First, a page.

A long time ago, before digital cameras and the internet, I started very casually documenting the sewing and cross-stich projects that I made. That amounted to me taking pictures (with an instamatic camera) and if I remembered to get them developed, putting them in a “brag book”. That’s all I did. There were no notes or swatches and no dates started and completed. I wish now that I had been more OCD about documenting those early projects, because sadly, a lot of them are now living somewhere else—I hope.
I donated a lot of my projects to charity, though a few ended up in the trash—which now makes me cringe. There were times, I just felt an urge to purge or was not happy with my workmanship, and discarded a quilt top or set of blocks. And then, eventually, little girls grow up and no longer want to decorate their rooms with hearts, teddy bears and unicorns.
Fast forward to 2008, when I was laid off, and rummaging through my UFO’s that I couldn’t bear to part with during those previous purges. I decided that if I was going to finish these projects, that I would do a better job of recording the process than just taking a photo.
I purchased on an 8 1/2 x 11 inch spiral bound Mead sketchbook for this because I wanted pages that were sturdy enough to glue pictures and fabric to. My notes and diagrams are handwritten and the pictures are printed on regular paper and glued onto the pages with a craft glue stick. There’s a pocket in the front of the sketchbook that I can use for coupons or patterns. Sometimes I take my Sketchbook with me to the fabric store, if I need to match fabric or thread.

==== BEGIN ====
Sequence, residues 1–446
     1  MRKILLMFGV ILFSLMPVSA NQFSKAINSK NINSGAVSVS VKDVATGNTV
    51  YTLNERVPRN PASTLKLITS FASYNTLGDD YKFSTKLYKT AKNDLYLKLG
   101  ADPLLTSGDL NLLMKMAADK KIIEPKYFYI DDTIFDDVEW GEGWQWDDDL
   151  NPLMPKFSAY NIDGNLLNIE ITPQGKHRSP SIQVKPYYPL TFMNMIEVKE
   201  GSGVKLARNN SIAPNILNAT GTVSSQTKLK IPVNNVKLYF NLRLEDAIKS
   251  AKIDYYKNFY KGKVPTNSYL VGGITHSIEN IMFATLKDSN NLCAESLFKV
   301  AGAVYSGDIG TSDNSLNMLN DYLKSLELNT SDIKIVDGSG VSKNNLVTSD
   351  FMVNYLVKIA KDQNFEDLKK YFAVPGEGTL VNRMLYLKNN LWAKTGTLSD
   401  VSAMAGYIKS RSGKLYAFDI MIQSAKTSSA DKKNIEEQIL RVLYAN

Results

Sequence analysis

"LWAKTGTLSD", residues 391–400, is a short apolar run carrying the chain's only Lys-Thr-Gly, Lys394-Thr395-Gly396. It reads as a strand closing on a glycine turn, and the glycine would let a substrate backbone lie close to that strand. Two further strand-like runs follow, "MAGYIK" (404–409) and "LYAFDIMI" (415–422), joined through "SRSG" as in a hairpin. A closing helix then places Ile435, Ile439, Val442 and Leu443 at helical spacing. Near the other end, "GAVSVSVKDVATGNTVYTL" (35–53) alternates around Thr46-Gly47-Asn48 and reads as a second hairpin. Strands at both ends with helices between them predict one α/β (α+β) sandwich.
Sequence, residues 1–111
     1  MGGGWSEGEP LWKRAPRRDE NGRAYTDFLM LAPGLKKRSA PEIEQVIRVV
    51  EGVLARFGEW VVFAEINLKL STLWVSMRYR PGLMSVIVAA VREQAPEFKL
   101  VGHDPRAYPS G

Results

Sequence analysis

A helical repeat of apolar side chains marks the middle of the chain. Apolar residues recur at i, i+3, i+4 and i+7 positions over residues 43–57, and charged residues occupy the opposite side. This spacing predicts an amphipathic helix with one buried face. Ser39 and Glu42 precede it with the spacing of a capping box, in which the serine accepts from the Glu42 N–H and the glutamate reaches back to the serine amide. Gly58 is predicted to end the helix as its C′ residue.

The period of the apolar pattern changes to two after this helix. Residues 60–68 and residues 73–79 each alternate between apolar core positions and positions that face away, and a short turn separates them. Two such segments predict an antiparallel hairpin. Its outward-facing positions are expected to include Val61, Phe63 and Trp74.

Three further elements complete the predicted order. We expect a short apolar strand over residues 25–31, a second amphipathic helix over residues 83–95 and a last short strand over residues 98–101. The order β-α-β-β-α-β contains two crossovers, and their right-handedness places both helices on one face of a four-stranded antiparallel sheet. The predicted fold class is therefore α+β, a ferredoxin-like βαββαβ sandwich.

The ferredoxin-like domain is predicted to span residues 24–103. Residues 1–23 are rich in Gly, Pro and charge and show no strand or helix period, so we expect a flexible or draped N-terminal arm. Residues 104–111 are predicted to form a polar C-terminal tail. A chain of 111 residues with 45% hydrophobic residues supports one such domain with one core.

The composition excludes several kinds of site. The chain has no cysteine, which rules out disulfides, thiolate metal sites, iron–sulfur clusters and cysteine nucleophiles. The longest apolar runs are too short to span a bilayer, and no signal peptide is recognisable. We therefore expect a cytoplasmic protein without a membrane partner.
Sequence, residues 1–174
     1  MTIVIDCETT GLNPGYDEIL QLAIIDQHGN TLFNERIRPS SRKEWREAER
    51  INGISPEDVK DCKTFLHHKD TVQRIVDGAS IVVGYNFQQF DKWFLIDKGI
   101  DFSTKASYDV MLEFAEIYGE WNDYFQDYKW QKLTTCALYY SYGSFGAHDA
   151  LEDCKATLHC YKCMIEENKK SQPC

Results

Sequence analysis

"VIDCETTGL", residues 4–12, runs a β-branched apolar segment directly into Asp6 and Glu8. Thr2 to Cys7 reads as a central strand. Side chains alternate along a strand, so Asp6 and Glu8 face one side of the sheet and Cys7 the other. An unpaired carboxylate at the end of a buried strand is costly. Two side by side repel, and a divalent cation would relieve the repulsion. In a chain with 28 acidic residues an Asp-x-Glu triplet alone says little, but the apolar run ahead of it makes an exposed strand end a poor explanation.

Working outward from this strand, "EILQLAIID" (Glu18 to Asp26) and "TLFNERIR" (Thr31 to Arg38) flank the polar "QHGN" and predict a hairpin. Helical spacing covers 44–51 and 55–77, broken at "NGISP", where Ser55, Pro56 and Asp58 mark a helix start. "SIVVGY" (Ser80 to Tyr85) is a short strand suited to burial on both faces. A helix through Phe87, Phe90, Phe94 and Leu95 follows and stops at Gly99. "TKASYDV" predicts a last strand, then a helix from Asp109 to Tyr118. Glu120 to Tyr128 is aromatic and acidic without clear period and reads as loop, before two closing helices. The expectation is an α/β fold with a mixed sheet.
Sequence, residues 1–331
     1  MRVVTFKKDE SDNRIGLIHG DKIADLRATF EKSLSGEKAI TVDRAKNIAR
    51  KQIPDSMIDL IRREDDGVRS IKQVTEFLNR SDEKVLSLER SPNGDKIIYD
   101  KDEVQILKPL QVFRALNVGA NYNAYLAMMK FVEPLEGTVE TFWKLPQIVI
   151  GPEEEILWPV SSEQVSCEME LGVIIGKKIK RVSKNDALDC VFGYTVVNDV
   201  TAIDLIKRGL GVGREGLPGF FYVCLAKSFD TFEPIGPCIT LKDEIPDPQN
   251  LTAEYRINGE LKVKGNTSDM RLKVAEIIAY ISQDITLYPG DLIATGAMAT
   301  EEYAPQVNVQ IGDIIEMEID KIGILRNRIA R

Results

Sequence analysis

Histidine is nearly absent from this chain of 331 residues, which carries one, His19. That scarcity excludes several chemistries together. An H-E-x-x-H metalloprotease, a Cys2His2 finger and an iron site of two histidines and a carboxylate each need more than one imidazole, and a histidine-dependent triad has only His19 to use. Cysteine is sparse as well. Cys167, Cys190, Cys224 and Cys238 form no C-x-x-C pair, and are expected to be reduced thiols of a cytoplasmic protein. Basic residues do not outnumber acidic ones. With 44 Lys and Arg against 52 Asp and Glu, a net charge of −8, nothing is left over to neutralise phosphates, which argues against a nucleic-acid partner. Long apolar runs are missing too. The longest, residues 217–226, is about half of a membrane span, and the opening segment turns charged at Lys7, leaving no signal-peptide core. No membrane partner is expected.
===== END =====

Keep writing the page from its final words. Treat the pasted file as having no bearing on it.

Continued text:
I use scraps from my projects to cut swatches that I mount on a a separate project page along with a photo or two. I add notes, such as the date started, date completed, measurements, who it was made for, etc. Sometimes, I will note the pattern or the fabric designer and anything else that might be nice to look back on and remember someday.
At the back of my book, I list my UFO’s and cross them off when completed with the date finished. If I make a test block or a test embroidery, I’ll glue that in the book too.
I hope this has given you some useful ideas about documenting your projects, if you aren’t already doing so. We all know, as quilters how important it is to label our quilts for posterity, as they will most likely outlive us and hopefully pass into the hands of others who will cherish them but just as important is recording the creative process that originates within each of us.